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Anomalous Serum Digoxin Concentrations in Uremia

JEFFREY L. CRAVER, M.D.; and ROLAND VALDES Jr., Ph.D.
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▸Requests for reprints should be addressed to Dr. Roland Valdes, Jr.; Department of Pathology and Laboratory Medicine, The Jewish Hospital of St. Louis, 215 S. Kingshighway, P.O. Box 14109; St. Louis, MO 63178.


The Jewish Hospital of St. Louis and Washington University School of Medicine; St. Louis, Missouri


Ann Intern Med. 1983;98(4):483-484. doi:10.7326/0003-4819-98-4-483
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This excerpt has been provided in the absence of an abstract.

When digoxin therapy is discontinued, it is generally assumed that the patient's serum concentration of the drug will decrease over time with a half-life dependent on the rate of digoxin elimination. A few reports (1, 2) have noted deviations from this prediction. We describe a patient with acute renal failure who had an unanticipated twofold rise in his apparent serum concentration of digoxin during the 9 days after the last administered dose of this drug.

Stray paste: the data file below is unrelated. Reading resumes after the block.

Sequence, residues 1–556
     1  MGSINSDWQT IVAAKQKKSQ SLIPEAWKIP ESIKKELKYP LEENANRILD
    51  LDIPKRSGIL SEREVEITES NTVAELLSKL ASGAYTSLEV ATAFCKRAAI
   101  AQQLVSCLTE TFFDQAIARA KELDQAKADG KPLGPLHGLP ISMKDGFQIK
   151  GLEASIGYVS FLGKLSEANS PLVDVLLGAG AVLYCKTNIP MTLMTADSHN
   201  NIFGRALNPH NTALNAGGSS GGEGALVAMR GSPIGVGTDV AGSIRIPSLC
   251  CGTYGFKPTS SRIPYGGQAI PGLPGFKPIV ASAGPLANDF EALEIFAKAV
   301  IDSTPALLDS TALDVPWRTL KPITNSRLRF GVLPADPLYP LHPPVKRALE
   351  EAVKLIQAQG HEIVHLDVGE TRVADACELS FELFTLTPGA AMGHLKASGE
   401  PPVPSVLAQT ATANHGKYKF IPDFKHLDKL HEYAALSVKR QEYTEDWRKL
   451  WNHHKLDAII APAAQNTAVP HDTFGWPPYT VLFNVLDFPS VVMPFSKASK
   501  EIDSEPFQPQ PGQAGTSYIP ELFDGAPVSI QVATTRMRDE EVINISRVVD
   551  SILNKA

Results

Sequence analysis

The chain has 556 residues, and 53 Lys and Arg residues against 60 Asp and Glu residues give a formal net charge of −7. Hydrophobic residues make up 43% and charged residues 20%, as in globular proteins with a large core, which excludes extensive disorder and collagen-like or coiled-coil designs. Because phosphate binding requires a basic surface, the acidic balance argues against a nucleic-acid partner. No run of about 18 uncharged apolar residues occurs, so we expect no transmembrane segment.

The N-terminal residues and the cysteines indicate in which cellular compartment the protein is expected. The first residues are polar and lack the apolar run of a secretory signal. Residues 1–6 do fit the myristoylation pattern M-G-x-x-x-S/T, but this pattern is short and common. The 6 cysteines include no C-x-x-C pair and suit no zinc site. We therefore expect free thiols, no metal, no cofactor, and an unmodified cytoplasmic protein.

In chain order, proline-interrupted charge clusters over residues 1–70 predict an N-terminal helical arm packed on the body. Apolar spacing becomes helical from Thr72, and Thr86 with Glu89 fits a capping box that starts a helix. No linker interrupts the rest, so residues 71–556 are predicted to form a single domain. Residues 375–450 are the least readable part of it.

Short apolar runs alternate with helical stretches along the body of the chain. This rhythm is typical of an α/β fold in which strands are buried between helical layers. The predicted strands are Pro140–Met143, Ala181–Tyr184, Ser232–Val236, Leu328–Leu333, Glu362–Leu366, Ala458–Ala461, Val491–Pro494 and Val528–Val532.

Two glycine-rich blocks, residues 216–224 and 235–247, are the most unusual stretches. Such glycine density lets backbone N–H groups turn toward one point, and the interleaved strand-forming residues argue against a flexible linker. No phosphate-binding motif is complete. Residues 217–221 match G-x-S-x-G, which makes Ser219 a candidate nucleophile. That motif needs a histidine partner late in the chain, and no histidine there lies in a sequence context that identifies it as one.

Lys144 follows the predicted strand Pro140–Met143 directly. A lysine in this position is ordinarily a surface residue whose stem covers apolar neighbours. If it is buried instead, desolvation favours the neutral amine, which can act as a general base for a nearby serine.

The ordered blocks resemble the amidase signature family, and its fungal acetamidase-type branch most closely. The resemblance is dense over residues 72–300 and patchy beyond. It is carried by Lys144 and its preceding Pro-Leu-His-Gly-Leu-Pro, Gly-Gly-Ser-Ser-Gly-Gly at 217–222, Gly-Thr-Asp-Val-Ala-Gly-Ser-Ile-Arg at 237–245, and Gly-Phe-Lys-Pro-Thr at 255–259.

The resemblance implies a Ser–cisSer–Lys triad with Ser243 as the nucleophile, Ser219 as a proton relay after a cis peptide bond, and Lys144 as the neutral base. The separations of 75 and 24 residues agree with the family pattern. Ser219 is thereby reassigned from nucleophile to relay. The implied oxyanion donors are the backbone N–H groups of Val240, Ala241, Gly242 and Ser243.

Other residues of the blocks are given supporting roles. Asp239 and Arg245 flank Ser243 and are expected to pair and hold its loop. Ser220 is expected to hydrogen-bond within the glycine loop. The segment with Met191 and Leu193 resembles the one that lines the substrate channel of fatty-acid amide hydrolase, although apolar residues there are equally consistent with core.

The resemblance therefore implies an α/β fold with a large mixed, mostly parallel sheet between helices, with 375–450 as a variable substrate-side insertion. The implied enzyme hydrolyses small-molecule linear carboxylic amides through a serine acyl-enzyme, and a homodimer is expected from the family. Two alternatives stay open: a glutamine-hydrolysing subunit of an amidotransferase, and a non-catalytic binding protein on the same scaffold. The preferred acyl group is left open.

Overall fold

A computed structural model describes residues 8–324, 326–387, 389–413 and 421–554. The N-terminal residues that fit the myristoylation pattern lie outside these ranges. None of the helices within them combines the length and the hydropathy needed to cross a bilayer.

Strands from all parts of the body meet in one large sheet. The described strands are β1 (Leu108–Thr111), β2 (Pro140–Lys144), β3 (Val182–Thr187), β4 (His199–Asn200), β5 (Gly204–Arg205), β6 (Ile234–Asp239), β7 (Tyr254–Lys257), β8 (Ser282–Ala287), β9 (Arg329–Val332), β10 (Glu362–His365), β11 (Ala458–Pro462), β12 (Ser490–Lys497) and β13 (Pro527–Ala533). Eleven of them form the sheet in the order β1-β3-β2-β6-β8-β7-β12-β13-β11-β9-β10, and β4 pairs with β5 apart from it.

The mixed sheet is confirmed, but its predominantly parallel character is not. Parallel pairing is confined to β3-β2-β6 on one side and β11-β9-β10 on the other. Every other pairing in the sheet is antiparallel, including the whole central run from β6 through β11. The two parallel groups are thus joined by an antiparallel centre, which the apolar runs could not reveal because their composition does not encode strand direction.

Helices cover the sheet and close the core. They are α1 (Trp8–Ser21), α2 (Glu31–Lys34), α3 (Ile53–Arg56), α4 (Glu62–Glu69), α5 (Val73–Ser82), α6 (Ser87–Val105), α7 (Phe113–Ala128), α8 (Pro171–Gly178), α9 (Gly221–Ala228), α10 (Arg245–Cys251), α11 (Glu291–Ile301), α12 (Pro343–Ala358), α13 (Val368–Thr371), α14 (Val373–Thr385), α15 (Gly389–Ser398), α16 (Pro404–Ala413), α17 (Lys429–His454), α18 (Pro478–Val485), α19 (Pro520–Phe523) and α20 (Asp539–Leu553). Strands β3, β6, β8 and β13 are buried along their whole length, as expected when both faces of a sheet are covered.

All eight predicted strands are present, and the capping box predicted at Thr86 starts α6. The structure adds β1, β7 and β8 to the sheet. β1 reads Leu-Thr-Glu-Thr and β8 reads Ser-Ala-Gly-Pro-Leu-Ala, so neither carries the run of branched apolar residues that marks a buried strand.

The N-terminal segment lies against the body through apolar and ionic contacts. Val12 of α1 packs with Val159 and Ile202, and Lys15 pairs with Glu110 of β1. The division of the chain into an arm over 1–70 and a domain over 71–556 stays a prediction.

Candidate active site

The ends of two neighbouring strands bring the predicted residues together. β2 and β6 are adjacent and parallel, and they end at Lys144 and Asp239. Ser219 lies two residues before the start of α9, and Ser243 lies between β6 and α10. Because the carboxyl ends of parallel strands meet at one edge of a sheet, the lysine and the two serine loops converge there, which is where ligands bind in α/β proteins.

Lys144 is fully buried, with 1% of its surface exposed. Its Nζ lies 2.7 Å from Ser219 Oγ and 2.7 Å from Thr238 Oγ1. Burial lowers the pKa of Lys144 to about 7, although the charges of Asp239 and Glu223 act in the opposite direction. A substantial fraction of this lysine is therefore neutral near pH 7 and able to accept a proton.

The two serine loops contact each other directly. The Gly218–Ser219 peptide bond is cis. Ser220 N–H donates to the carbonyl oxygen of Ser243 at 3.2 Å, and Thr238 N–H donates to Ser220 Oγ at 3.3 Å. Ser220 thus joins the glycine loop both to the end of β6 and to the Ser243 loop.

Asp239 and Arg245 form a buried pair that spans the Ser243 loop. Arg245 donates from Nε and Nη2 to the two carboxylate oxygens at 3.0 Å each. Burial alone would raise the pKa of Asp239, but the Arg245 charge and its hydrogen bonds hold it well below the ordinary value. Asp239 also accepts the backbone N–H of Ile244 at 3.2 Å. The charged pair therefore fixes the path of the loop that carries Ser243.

A 56-year-old black man with hypertension was hospitalized for atrial fibrillation complicated by embolic small bowel infarction. Several surgical procedures prolonged his hospitalization. An intravenous

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Topics

digoxin ; uremia

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